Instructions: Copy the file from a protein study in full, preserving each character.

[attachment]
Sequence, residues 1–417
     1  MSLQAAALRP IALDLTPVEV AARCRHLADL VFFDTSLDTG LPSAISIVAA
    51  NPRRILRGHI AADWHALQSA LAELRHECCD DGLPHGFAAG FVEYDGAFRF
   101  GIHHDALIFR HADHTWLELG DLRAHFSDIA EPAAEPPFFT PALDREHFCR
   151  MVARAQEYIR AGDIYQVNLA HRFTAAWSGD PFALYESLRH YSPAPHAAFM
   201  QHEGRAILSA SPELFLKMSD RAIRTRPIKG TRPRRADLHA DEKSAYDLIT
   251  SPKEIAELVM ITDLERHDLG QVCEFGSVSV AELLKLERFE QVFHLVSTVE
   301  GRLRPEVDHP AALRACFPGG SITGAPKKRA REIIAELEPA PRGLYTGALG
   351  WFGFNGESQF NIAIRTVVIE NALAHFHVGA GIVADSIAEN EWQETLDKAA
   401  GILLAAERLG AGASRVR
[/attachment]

Sequence, residues 1–417
     1  MSLQAAALRP IALDLTPVEV AARCRHLADL VFFDTSLDTG LPSAISIVAA
    51  NPRRILRGHI AADWHALQSA LAELRHECCD DGLPHGFAAG FVEYDGAFRF
   101  GIHHDALIFR HADHTWLELG DLRAHFSDIA EPAAEPPFFT PALDREHFCR
   151  MVARAQEYIR AGDIYQVNLA HRFTAAWSGD PFALYESLRH YSPAPHAAFM
   201  QHEGRAILSA SPELFLKMSD RAIRTRPIKG TRPRRADLHA DEKSAYDLIT
   251  SPKEIAELVM ITDLERHDLG QVCEFGSVSV AELLKLERFE QVFHLVSTVE
   301  GRLRPEVDHP AALRACFPGG SITGAPKKRA REIIAELEPA PRGLYTGALG
   351  WFGFNGESQF NIAIRTVVIE NALAHFHVGA GIVADSIAEN EWQETLDKAA
   401  GILLAAERLG AGASRVR